Greater transparency is increasingly seen as the answer to a wide range of social issues by governments, NGOs and businesses around the world. However, evidence of its impact is mixed. Using case studies from around the world including India, Tanzania, the UK and US, Transparency and the open society surveys the adoption of transparency globally, providing an essential framework for assessing its likely performance as a policy and the steps that can be taken to make it more effective. It addresses the role of transparency in the context of growing use by governments and businesses of surveillance and database driven decision making. The book is written for anyone involved in the use of transparency whether campaigning from outside or working inside government or business to develop policies.
The use of rape as a deliberate tactic of war is a serious human rights issue that needs to be addressed as a threat to human and international security. This ground-breaking book is the first to analyse its use as an act of war against civilians and international progress away from tacit acceptance toward active rejection of this violation of international law.
Exploring international responses to sexual violence in war, it introduces the main historical facts, theoretical terms and legal developments behind UNSC resolutions on women, peace and security and the emerging practice of international law in this area. It identifies best practice in moving beyond accepting rape in war as inevitable to the recognition of tactical rape as a security concern for women, men, states and the international community.
Powerful testimonies of victims are included to bring the issue alive, making this a much-needed volume for academic and professional communities.
The creative citizen unbound introduces the concept of ‘creative citizenship’ to explore the potential of civic-minded creative individuals in the era of social media and in the context of an expanding creative economy.
Drawing on the findings of a 30-month study of communities supported by the UK research funding councils, multidisciplinary contributors examine the value and nature of creative citizenship, not only in terms of its contribution to civic life and social capital but also to more contested notions of value, both economic and cultural.
This original book will be beneficial to researchers and students across a range of disciplines including media and communication, political science, economics, planning and economic geography, and the creative and performing arts.
What impact have the unprecedented and rapid changes to the structure of education in England had on school governors and policy makers? And what effect has the intensifying media and regulatory focus had on the volunteers who take on the job?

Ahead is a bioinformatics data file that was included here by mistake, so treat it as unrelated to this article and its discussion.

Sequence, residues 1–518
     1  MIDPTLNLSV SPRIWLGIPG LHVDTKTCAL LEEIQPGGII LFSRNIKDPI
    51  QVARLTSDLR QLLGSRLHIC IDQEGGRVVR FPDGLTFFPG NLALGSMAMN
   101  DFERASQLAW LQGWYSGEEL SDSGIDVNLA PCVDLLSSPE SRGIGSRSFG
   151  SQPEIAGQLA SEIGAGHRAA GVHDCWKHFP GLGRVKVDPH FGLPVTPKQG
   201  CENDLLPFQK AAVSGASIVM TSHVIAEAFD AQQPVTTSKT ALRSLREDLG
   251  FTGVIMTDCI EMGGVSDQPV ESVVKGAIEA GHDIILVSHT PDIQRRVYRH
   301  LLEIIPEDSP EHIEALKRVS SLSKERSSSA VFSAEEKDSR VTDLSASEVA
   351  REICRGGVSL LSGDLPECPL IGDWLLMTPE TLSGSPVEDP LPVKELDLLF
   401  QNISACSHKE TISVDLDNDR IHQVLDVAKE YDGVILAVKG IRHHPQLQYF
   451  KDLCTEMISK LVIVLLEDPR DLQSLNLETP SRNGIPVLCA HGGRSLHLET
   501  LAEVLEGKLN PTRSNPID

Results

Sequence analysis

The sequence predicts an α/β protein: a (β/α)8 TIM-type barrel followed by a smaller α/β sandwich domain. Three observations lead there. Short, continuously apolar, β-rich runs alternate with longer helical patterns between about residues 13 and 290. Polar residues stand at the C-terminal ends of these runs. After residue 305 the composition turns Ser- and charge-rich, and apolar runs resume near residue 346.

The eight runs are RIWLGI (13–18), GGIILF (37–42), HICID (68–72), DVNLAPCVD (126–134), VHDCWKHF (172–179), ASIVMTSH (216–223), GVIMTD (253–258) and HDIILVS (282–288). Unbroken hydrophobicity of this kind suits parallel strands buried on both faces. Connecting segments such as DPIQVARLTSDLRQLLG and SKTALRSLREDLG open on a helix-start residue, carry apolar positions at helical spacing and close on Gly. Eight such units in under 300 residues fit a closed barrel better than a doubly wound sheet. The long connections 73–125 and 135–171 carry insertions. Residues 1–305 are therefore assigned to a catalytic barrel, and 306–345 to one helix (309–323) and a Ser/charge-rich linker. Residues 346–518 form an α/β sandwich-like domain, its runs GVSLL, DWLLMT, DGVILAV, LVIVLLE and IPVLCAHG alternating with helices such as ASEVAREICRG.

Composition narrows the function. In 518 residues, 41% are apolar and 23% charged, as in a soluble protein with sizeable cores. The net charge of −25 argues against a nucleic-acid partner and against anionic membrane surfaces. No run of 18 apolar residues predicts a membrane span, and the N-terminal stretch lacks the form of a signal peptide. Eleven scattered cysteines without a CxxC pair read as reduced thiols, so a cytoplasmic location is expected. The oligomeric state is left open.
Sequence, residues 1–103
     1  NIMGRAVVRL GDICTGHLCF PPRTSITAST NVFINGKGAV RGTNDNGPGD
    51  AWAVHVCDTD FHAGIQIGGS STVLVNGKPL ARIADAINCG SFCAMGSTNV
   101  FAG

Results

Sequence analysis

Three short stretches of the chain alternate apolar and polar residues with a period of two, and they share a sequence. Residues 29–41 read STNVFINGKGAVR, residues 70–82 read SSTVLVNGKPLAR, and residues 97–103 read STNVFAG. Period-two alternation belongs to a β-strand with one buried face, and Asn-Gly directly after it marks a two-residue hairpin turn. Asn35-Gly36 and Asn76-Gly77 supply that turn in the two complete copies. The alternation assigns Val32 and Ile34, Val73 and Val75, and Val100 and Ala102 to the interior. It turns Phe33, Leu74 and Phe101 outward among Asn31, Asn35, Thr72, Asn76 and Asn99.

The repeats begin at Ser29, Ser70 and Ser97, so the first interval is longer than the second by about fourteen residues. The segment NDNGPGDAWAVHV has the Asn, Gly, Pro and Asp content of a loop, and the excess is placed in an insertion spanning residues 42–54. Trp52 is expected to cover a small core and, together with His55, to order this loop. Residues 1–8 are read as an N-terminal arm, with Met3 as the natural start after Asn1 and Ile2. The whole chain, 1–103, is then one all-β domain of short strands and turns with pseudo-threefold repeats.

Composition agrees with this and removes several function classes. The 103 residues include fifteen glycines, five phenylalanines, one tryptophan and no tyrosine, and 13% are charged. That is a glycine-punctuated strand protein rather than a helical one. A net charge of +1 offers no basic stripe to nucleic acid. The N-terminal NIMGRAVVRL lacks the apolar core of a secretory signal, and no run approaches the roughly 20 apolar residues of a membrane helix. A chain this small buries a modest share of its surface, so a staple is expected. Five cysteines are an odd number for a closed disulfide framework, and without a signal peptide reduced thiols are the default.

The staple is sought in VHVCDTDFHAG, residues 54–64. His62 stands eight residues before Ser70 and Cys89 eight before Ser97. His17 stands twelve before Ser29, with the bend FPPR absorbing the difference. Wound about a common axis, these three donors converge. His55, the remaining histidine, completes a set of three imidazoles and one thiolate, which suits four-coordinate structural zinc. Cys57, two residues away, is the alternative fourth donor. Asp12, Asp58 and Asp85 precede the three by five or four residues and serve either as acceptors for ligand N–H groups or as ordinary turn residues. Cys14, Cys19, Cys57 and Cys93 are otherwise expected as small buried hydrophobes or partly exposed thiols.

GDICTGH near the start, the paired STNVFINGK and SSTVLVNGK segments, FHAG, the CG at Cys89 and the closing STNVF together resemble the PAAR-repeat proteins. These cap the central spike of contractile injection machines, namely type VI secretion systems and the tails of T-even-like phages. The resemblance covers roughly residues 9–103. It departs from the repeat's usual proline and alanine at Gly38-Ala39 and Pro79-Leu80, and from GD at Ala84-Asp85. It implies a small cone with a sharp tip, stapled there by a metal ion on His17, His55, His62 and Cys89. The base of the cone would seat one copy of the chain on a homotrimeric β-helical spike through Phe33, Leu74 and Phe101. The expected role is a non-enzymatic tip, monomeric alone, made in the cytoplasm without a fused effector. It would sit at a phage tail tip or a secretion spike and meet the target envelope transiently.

Jacqueline Baxter takes the 2014 ‘Trojan Horse’ scandal, in which it was alleged that governors at 25 Birmingham schools were involved in the “Islamisation” of secular state schools, as a focus point to examine the pressures and challenges in the current system. Informed by her twenty years’ experience as a school governor, she considers both media analysis and policy as well as the implications for the future of a democratic system of education in England.
How did the UK Coalition Government’s policies differ from previous Conservative (or Labour) Government policies? How did the Liberal Democrats influence them? And what can this tell us about the likely policy direction of the Conservative government elected in May 2015?
Responding to the political and social policy changes made between 2010-15 this book considers the relationship between the two coalition parties to provide a critical assessment of how their policies affected the British welfare state, including the impact of ‘austerity’.
Looking beyond 2015, the contributors consider what the implications of these changes may be for social policy, both the challenges and opportunities, which will present themselves in the future.
Under contemporary capitalism the extraction of value from the built environment has escalated, working in tandem with other urban processes to lay the foundations for the exploitative processes of gentrification world-wide.
Global gentrifications: Uneven development and displacement critically assesses and tests the meaning and significance of gentrification in places outside the ‘usual suspects’ of the Global North. Informed by a rich array of case studies from cities in Asia, Latin America, Africa, Southern Europe, and beyond, the book (re)discovers the important generalities and geographical specificities associated with the uneven process of gentrification globally. It highlights intensifying global struggles over urban space and underlines gentrification as a growing and important battleground in the contemporary world.
The book will be of value to students and academics, policy makers, planners and community organisations.